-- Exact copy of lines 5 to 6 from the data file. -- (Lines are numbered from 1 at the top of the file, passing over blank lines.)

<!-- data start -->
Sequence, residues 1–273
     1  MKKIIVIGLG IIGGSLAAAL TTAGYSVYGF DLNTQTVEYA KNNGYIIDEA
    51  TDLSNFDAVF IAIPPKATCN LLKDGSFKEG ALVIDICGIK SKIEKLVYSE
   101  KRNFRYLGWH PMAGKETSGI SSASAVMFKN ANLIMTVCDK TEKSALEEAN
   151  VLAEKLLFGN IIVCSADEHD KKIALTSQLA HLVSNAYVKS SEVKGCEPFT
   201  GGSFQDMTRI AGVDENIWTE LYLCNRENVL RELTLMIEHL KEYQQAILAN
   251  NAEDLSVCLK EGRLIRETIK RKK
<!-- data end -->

   151  VLAEKLLFGN IIVCSADEHD KKIALTSQLA HLVSNAYVKS SEVKGCEPFT
   201  GGSFQDMTRI AGVDENIWTE LYLCNRENVL RELTLMIEHL KEYQQAILAN